Bullying and coercion: School-based cognitive-behavioral interventions

Beth Doll, Susan M. Swearer, Adam M. Collins, Mindy R. Chadwell, Kadie Dooley, Brooke A. Chapla

Research output: Chapter in Book/Report/Conference proceedingChapter

1 Scopus citations


Peer aggression is an all-too-common occurrence in children’s daily lives . The nature and frequency of children’s peer conflicts shift and change across the developmental stages, such that participation in physical aggression is quite common among toddlers, and participation in verbal and relational aggression becomes quite common in adolescence . In this rough-and-tumble world of children’s peer interactions, the ability to cope with and respond effectively to aggressive overtures is a critical adaptive skill (Cairns & Cairns, 2000; Pellegrini, 2005) . In some instances, however, the form and intensity of peer aggression make it unlikely that children can respond effectively, and it is unreasonable to expect them to do so . This chapter will describe one form of peer aggressionbullying-that is never adaptive, and is often quite damaging to the children who bully and to those who are bullied . Bullying will be described as a cognitive-behavioral phenomenon that is part of the broader framework of childhood aggression and that occurs within a social-ecological context .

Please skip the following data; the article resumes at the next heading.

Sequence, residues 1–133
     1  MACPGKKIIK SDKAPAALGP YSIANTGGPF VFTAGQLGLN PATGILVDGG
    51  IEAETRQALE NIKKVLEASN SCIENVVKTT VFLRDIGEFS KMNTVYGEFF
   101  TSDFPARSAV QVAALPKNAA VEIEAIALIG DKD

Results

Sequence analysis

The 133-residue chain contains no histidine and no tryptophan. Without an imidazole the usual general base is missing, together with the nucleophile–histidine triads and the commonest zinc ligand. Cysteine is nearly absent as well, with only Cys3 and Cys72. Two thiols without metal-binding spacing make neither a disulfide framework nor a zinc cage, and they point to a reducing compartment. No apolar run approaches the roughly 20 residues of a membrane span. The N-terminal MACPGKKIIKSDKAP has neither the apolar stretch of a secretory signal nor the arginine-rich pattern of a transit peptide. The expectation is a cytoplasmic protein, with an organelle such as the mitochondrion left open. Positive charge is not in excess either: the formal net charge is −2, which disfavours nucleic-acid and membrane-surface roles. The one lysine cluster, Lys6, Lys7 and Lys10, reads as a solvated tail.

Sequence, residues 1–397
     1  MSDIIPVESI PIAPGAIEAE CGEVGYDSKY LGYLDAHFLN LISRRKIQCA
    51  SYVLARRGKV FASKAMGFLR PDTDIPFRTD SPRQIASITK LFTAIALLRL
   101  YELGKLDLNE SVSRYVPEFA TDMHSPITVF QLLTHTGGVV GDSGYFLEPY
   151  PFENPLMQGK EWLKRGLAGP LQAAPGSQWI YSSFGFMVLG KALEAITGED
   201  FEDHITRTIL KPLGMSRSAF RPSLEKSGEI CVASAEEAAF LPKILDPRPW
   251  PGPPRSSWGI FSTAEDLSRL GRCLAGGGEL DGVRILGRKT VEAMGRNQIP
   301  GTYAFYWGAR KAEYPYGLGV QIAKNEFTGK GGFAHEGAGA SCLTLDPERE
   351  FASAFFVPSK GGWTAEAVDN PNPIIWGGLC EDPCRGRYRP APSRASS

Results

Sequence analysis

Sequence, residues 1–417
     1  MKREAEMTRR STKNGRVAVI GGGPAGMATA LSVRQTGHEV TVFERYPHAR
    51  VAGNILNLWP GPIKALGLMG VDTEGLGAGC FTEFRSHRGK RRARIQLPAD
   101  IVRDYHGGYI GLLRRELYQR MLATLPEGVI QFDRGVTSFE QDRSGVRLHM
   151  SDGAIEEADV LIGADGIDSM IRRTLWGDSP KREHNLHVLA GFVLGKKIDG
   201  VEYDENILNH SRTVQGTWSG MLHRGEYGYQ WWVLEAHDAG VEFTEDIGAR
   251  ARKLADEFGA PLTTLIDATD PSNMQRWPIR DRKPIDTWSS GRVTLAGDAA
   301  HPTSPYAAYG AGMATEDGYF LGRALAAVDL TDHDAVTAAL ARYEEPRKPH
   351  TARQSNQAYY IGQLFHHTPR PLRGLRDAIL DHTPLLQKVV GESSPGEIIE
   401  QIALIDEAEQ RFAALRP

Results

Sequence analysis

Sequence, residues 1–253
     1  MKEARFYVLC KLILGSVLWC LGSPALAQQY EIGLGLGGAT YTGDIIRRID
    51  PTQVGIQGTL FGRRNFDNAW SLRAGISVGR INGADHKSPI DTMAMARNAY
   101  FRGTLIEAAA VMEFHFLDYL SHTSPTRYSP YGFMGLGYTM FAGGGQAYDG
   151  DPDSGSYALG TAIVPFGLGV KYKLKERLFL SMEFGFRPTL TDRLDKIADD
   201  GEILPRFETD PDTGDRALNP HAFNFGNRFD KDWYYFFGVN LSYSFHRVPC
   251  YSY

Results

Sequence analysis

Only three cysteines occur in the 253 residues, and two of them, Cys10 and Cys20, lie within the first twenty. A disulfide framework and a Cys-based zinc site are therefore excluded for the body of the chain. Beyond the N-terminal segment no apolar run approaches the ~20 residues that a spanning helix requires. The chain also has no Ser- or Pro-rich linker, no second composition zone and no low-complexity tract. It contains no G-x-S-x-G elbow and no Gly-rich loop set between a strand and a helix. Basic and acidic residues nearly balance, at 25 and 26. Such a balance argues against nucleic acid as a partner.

Original languageEnglish (US)
Title of host publicationCognitive-Behavioral Interventions in Educational Settings
Subtitle of host publicationA Handbook for Practice, Second Edition
PublisherTaylor and Francis
Number of pages38
ISBN (Electronic)9781136486982
ISBN (Print)9780415807401
StatePublished - Jan 1 2013
Externally publishedYes

ASJC Scopus subject areas

  • Social Sciences(all)
  • Psychology(all)


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